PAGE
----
From a comically cosmic space adventure to a rip-roaring tall tale to several in-depth looks at the lives of fascinating American figures, the January Stars offer opportunities for readers to engage in joyful escapism or intensive close reading.
For all the latest SLJ reviews and more, visit Book Verdict! Book Verdict is fully accessible to all users, though certain content and functionality are only available to subscribers. If you're already an SLJ subscriber, log in to your account. To view all subscription options, Get Started With Book Verdict Pro Today.
This article was published in School Library Journal's January 2014 issue. Subscribe today and save up to 35% off the regular subscription rate.
SLJ’s best of 2013, from the book lists to tech trends. New this year and among our most popular posts: SLJ’s Top 10 Latino-themed Books of 2013.
With so many superb DVD productions in 2013, it was a tough task to choose the 10 best. This year’s top picks reflect an array of topics including art, science, biography, and social studies, with Ken Burns’s documentary The Dust Bowl leading the list.
The holidays are a great time to give the gift of comics. Once again, our bloggers have a big bag of suggestions of comics for a variety of ages and interests.
This has been a stellar year for Latino-themed titles for children. SLJ’s Libro por Libro columnist, Tim Wadham, selected 10 of the best works published this year that represent the vibrant Hispanic cultures united by a single language and heritage.
The “Good Comics for Kids” (blogs.slj.com/goodcomicsforkids) bloggers were burning the midnight oil this year, with a batch of top-notch fall releases that kept us reading—and debating—right up to our deadline. The top trend this year: kids’ books with adult appeal.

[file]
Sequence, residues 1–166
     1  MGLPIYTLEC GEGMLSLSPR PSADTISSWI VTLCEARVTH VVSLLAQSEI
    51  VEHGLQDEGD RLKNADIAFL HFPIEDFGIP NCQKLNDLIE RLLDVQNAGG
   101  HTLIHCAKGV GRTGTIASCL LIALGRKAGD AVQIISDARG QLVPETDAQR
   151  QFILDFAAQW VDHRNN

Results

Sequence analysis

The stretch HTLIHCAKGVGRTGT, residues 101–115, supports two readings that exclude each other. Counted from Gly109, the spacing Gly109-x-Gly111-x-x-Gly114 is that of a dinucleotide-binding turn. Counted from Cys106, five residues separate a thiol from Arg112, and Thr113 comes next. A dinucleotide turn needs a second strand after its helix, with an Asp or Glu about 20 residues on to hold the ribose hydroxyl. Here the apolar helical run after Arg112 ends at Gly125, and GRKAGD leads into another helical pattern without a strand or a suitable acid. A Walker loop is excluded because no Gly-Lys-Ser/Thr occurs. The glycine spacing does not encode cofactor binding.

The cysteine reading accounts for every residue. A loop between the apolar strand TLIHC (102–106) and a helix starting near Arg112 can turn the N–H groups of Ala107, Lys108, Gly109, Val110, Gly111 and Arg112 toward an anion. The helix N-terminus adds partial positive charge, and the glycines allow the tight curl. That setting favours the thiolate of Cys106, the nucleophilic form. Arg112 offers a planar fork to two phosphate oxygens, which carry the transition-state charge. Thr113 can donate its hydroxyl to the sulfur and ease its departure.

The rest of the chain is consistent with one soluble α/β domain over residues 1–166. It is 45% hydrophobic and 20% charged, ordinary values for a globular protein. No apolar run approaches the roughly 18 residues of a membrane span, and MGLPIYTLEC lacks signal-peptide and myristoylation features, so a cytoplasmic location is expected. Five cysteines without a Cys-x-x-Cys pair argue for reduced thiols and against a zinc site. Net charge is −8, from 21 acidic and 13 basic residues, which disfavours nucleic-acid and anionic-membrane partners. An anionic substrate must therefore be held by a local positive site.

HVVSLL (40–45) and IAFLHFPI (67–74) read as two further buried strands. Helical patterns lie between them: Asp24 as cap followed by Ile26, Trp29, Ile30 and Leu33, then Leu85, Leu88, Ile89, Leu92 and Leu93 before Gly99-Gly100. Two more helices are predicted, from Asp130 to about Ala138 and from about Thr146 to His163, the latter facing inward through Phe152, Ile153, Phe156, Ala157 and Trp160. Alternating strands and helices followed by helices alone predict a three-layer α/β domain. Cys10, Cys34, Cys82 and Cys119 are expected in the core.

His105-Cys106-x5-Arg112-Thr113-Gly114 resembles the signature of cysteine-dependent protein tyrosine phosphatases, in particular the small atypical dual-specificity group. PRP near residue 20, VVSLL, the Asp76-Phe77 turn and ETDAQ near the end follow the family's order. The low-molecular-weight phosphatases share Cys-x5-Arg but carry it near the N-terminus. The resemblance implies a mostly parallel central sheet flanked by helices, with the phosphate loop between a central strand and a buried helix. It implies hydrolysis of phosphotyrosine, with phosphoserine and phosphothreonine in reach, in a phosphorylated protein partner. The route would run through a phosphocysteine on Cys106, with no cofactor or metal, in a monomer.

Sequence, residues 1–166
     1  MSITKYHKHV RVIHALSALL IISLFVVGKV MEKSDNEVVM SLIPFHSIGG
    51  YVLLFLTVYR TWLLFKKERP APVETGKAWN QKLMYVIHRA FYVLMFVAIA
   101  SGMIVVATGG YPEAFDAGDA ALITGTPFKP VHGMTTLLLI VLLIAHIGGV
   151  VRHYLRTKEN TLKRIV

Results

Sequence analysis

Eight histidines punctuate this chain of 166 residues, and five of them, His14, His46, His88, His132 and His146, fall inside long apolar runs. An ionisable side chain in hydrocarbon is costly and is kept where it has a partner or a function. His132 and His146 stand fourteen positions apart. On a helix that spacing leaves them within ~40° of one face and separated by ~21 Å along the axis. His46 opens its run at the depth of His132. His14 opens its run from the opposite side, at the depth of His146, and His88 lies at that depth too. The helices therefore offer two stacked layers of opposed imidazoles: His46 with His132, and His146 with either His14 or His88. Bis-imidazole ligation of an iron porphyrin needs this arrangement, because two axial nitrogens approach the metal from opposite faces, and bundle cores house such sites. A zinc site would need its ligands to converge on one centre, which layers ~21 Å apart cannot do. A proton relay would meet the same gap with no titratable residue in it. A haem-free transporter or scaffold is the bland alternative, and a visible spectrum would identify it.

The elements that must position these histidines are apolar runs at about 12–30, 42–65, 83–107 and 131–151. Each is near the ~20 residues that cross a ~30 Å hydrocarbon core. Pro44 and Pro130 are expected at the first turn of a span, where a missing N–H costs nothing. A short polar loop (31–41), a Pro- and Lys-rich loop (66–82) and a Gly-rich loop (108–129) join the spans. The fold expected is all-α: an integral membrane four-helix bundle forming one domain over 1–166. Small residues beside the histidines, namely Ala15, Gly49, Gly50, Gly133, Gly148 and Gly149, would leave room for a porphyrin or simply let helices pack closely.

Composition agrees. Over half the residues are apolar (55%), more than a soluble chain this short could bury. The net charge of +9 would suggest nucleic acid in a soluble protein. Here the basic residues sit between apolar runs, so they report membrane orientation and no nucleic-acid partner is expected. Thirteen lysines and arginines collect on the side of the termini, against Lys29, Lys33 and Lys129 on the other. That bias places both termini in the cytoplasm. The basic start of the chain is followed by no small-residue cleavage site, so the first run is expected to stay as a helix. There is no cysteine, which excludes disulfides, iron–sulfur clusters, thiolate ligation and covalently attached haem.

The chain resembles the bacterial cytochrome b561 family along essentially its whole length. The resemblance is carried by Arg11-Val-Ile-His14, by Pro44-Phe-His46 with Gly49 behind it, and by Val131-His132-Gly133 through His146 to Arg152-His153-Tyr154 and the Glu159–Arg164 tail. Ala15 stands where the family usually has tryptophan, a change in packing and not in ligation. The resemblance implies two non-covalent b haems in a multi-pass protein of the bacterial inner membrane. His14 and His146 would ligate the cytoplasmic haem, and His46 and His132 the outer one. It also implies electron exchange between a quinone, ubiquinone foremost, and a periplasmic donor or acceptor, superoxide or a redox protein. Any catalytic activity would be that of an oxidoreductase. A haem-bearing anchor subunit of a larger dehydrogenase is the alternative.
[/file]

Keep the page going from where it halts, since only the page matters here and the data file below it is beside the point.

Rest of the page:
It’s a year-long process, but after watching hours upon hours of apps and debating their finer points, we have come up with “SLJ’s Top Ten Apps 2013.” Our list includes innovative works of stunning quality and depth, along with some familiar characters that host loads of engaging interactivity and game play.
SLJ’s book review editors selected the best picture books of 2013. This year’s list includes memorable characters, including a dancing flamingo, some unhappy crayons, a repressed tiger, and punctuation personified. These titles will delight, inspire, and entertain.
SLJ’s book review editors selected the best nonfiction titles of 2013. Here you’ll find rich primary source material, engaging narrative style, and sophisticated design. Historical giants as well as little known figures are profiled in this list of distinguished informational books.
SLJ’s book review editors have chosen the best fiction titles of 2013. From a plucky pig sailing to the south pole to a endearing story of first love, the middle grade and young adult titles on this list feature three-dimensional characters, fully realized worlds, and stories that stay with the reader long after the last page.